Genre: Contemporary, YA
Publication date: April 29th 2014
by Balzer & Bray
Emma Putnam is dead, and it's all Sara Wharton's fault.
At least, that's what everyone seems to think. Sara, along with her best friend and three other classmates, has been criminally charged for the bullying and harassment that led to Emma's shocking suicide. Now Sara is the one who's ostracized, already guilty according to her peers, the community, and the media.
During the summer before her senior year, in between meetings with lawyers and a court-recommended therapist, Sara is forced to reflect on the events that brought her to this moment—and ultimately consider her role in an undeniable tragedy. And she'll have to find a way to move forward, even when it feels like her own life is over.
In this powerful debut novel inspired by real-life events, Amanda Maciel weaves a narrative of high school life as complex and heartbreaking as it is familiar: a story of everyday jealousies and resentments, misunderstandings and desires. Tease is a thought-provoking must-read that will haunt readers long after the last page.
-A copy was provided by Balzer + Bray for review-
Tease is a book that is not going to be for everybody. It is chalk full of slut shaming, unlikeable characters and cringe worthy bullying scenarios. As someone who looks for uncomfortable doses of reality in her reading I appreciated all of those things very much. I went into this one expected a gritty tale about bullying and this novel delivered ten-fold.
What is unique about this story is that we are not getting it from the perspective of the person being bullied, we are the bully. We see the story unfold through the eyes of Sarah Wharton. She’s not exactly the Queen Bee at her school but she is best friends with her. Most of the things that Sarah did in this story were incredibly frustrating because it felt like she just did terrible things to fit in with her friend Brielle. She would have these moments, tiny ones, of remorse where she would reflect on what she was about to do to Emma, or things she had said to her but then march right on doing them because “everybody was doing it.” I really can’t say that I liked Sarah at any point of the story but I did appreciate the transformation that she goes through. Some people may not like this part because she doesn’t do the 180 that readers hope for. She gets to a place where she understands her part in Emma’s suicide, but I’m not sure she ever takes on the blame that she should, which I felt was sad but also probably really true to life in most instances. See, the way the bullies look at everything in this story is that they only wanted her to transfer schools, they didn’t want Emma to kill herself, that was never their intent so they don’t understand why charges are being laid against them.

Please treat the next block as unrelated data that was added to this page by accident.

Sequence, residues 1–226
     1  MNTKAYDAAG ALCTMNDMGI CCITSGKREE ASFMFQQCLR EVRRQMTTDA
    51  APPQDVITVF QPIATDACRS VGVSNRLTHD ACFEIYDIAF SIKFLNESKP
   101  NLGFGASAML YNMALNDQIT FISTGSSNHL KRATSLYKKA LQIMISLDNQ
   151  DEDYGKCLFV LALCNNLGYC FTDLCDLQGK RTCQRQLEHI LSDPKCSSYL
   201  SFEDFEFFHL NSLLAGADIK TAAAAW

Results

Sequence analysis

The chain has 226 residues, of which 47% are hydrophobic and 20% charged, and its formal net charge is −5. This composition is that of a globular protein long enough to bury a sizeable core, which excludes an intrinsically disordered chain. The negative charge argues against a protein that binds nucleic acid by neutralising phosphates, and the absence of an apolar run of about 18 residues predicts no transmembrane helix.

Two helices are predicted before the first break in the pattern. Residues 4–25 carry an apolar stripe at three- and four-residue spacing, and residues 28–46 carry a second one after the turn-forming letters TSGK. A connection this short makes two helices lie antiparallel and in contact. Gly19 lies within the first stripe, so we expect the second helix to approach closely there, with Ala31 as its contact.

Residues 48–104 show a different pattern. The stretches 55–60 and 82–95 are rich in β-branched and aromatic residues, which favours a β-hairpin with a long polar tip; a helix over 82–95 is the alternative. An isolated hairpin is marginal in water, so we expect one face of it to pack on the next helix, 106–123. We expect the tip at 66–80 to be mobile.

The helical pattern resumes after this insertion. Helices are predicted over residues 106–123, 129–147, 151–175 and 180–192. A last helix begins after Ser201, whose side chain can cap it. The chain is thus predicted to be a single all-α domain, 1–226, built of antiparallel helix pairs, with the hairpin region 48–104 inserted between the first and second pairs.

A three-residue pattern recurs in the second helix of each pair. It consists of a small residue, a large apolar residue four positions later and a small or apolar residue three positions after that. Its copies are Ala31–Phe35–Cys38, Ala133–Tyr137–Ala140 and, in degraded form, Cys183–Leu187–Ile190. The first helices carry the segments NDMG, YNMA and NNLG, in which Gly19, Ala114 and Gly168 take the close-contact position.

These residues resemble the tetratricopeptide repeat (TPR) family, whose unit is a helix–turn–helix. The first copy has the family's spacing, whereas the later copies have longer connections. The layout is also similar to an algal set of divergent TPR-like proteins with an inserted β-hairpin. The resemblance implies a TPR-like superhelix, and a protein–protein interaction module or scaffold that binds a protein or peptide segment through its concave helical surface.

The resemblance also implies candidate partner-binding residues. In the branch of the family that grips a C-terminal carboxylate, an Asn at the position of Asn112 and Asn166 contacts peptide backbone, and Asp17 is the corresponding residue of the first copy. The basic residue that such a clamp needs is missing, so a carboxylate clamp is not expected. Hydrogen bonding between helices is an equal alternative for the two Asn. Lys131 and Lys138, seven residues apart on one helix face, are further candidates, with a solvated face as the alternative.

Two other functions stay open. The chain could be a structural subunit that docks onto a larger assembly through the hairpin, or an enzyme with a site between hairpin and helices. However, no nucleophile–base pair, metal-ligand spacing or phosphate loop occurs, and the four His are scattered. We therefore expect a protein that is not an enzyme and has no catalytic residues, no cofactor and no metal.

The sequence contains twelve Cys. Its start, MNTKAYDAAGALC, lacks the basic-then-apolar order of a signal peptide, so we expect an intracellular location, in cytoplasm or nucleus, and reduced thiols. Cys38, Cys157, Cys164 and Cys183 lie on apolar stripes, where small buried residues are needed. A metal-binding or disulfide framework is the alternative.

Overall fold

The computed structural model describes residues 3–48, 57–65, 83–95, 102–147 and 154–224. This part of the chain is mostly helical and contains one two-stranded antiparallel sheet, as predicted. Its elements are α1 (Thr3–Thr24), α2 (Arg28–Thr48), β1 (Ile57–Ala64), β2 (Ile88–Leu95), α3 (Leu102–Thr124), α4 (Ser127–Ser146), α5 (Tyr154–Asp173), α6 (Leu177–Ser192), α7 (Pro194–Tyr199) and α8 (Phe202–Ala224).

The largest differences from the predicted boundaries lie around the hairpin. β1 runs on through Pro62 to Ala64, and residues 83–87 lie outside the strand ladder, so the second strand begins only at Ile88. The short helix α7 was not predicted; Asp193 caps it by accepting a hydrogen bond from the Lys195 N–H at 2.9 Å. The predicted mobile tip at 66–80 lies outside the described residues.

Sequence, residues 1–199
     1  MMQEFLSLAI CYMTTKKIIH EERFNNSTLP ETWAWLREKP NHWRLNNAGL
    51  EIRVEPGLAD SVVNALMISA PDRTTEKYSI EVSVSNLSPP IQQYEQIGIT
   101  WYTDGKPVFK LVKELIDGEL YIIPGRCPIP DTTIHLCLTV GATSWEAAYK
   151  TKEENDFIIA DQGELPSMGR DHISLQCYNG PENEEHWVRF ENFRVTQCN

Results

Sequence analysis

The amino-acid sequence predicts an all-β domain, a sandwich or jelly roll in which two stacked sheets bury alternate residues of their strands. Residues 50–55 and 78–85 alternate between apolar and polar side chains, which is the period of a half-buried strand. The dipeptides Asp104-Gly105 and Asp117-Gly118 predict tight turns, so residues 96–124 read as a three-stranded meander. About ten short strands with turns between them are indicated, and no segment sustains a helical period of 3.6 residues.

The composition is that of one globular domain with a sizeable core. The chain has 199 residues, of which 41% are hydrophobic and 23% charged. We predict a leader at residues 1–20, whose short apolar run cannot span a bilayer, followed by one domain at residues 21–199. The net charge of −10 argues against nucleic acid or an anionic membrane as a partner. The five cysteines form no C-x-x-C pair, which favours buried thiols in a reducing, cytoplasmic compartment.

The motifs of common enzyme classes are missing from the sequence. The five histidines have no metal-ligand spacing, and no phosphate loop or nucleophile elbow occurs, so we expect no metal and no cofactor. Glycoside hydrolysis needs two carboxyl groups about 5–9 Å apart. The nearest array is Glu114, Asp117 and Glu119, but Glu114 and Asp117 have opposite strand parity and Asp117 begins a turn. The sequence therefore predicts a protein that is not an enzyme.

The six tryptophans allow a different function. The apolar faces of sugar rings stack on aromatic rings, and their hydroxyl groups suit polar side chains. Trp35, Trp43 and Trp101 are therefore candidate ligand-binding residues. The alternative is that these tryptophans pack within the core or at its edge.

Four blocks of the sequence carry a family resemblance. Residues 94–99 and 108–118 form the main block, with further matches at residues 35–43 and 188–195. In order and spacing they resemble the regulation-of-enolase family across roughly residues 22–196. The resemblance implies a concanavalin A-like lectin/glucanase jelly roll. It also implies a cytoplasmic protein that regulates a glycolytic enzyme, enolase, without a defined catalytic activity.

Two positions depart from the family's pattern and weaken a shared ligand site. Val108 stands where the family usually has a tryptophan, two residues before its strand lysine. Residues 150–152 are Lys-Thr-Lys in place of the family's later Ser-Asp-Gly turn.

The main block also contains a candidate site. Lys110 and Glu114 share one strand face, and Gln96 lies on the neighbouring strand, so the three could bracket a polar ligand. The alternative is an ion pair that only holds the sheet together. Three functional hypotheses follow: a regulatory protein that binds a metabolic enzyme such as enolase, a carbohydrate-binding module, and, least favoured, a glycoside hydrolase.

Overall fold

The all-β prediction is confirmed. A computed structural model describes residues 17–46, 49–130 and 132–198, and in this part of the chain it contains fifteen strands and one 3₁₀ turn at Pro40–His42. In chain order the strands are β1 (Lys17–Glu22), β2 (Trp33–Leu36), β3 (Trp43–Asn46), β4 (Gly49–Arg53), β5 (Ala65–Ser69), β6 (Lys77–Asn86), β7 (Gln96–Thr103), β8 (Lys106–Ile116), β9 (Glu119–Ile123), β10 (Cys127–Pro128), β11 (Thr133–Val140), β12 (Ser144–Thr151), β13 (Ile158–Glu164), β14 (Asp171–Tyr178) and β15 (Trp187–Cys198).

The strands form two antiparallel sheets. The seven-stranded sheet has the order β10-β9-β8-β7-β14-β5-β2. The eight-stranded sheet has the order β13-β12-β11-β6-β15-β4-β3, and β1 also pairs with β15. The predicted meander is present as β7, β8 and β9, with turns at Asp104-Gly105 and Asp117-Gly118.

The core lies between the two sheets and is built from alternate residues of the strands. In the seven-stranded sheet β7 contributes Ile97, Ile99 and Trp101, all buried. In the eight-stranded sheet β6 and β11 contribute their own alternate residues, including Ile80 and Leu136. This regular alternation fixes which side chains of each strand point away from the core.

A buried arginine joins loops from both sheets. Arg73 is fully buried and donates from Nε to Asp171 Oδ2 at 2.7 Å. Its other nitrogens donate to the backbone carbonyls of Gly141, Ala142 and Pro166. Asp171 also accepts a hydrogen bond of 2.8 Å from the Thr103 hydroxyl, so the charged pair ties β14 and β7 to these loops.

The gravity of the bullying and the carelessness of the bullies really gets to you as you read through Tease. I think that is definitely due to how authentic it feels to stories that you see on the news almost weekly nowadays. There is a line in the author’s note at the end of the book about our teenaged years that I really loved, “it’s the incredibly crucial time when we learn that other people are also hurting, are also victims. We learn that life is complicated, and our version of the story isn’t the only version.” I think this line encompasses the story really well. Because of the perspective that we get the story from we also get to see the inner workings of the popular group, the bullies. There is so much going on amongst them, cheating boyfriends and their dire need to fit in that you get to see that Emma wasn’t the only one dealing with all of the high school politics. Now, don’t get me wrong the stuff Sarah and Brielle were dealing with did not compare in any measure to what they put poor Emma through but it was nice to not have a narrow viewpoint as I read through the novel.
I think this is an important look into the mind of students in high school. The honesty with which the characters are portrayed was so well done and I will definitely be on the lookout for whatever is to come from Amanda Maciel.
Latest posts by (see all)
- Fresh Batch (July 21st – 27th) - July 20, 2019
- So Much Food and Softness: Natalie Tan’s Book of Fortune by Roselle Lim - July 19, 2019
- Review: House of Salt and Sorrows by Erin A. Craig - July 16, 2019
- Cute But The Science is Lacking: Blastaway by Melissa Landers - July 15, 2019